July 12 2015 Reflection

7th Sunday after Pentecost (July 12, 2015)
‘Living as God
’s Adopted Children

2 Samuel 6:1-19

Ephesians 1:1-14


There is a Chinese folktale about a boy who was taken to the palace to be adopted by the King and raised as a royal child. A few weeks after the adoption, the King held a special banquet to welcome the boy and to introduce him to the people. But, not long after the celebration began, the King realised that the boy was missing; his chair was empty.

So the King ordered the guards to look for his adopted son. But, just before the king could finish his sentence, a small hand appeared from underneath the boy’s table. The hand quietly took the chicken drumstick on the table and quickly disappeared.

Understanding the situation, the King shouted to the guards, “There he is! Hiding under the table. Lift him up!” So the boy was taken back to his chair and the King said to him, “My son, you no longer live in the slums, but in the palace. You are no longer the boy of the slums, but a royal child. So enjoy your new status!”[1]

The letter to the Ephesians that we read today also reminded the Gentile Christians in the city of Ephesus of their status as God’s adopted children. The letter was not written by Paul, but by his follower, writing in his name. But even though Paul did not write the letter, it still reflects Paul’s theology and belief.

The author of this letter was a Jew. He, however, wrote to a largely Gentile or non-Jewish congregation in the city of Ephesus.[2]

One issue that threatened the life of the early church at the time was the division between the Jewish and non-Jewish Christians. The Jewish Christians believed that, as members of God’s chosen people, they were the only ‘legitimate’ children of God thus the sole recipients of God’s inheritance. Just like Paul, however, the author of the letter strongly disagreed with this view. He didn’t deny the status of the Jewish people as God’s chosen people, yet he argued that God too had adopted the Gentiles as God’s children.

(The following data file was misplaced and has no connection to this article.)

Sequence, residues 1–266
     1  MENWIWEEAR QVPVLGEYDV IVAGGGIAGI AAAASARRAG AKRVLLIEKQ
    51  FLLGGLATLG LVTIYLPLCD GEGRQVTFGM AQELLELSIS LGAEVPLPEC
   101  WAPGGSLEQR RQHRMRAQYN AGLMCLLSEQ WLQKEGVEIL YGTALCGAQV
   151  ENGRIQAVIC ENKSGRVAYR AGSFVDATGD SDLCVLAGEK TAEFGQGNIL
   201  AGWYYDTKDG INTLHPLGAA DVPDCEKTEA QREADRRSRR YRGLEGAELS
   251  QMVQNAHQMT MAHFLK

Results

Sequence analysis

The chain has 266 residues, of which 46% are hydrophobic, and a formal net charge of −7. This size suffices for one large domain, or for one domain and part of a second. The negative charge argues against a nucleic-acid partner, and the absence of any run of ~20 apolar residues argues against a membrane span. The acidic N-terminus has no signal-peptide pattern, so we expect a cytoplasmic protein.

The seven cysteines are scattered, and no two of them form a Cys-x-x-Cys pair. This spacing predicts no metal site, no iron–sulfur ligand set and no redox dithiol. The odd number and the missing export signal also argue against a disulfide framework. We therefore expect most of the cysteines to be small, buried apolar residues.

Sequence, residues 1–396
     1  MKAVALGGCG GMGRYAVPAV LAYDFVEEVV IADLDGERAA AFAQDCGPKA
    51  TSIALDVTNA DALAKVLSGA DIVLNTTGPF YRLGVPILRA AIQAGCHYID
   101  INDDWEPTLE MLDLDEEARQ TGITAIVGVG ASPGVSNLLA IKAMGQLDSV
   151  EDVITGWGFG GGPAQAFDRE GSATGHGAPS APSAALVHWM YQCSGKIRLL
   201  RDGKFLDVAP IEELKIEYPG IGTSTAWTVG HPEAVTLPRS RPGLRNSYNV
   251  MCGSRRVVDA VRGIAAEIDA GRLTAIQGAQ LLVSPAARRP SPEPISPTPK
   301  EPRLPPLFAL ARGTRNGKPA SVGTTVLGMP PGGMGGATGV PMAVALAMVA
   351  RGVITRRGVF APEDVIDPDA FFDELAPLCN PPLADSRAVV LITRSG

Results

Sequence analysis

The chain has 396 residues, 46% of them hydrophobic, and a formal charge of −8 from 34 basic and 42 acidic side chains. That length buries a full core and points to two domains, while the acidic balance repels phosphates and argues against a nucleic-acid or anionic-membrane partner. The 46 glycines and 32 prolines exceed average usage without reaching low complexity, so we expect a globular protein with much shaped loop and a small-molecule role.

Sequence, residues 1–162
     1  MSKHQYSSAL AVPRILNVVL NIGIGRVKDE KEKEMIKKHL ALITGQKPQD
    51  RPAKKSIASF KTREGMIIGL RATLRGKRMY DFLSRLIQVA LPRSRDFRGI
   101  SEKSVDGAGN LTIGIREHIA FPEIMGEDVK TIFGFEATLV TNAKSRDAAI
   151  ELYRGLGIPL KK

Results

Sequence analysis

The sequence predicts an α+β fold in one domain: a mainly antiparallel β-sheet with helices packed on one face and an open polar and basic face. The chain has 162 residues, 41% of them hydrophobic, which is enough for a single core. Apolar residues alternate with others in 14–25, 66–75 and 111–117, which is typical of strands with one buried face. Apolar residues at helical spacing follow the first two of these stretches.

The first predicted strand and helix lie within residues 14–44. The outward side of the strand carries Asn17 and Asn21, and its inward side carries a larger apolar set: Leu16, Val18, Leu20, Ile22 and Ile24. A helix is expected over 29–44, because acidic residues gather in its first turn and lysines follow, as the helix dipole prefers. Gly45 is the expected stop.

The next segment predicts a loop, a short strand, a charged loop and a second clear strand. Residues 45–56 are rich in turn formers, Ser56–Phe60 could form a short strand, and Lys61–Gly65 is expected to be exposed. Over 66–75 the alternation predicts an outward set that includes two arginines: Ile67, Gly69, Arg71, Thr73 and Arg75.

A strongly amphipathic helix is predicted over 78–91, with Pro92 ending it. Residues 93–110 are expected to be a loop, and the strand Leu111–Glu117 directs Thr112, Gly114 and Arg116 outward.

Indeed, adoption was quite common in ancient time, especially amongst the elite class who didn’t have a child or whose child died unexpectedly. Adopting a person would assure them of an heir. (Remember that in Genesis, before Abraham had Isaac, he was considering his servant, Eliezer of Damascus, to be his heir [Genesis 15:2-3].) The adopted person (who could be a child or an adult) would gain the social status of his new parents. He would also gain his new parents’ political and social connection and, of course, their wealth. In return, he would take his new parents’ name and pledge loyalty to his new family.[3]

God’s adoption of the Gentiles was seen in the same way. The Gentiles’ status had been raised and now they also enjoyed the inheritance of God, their new parent. So, now, both the Jews and the Gentiles were members of one family: God’s family. As such, they both had now the same right as God’s children.

But, the author of this letter argued that the Gentiles were not “add-ons” or an “afterthought”. Their adoption had been designed from the very beginning. God had chosen them before the world was formed (v.4).  This was all part of God’s plan from the very beginning to gather all things in heaven and earth in Christ (v. 10). Indeed, God’s grand design is the reconciliation of all things in the universe in Christ.  God’s will is to reconcile all people and all things as one family.

Albania is a predominantly Muslim country in Europe. During the German occupation in the WWII, it succeeded in saving most of the lives of the Jews living in its land. The people of Albania refused the order to hand over the Jews to the NAZI. They lived by an ancient code of honour called, Besa, which is still the highest ethical code in the country until today.

Besa literally means “to keep a promise”. Someone who lives by Besa is someone who can be trusted with one’s life and the life of one’s family.

During the NAZI German occupation, Albania’s Prime Minister gave a secret order to his people. He secretly asked them to let all Jewish children sleep with their children, eat the same food, and live as one family. To support this effort, many government agencies provided fake documents so that the Jewish people could intermingle with the Albanian population without being detected.

An Albanian mother who did not have enough breast milk to feed her son let the Jewish woman she hid in her house to breastfeed her son. Later on, when she was asked why she let a Jew breastfed her son, she replied, “Jews are God’s people, like us.” One man who hid a Jewish family in his house said, “I have done nothing. All Jews are our brothers (and sisters).”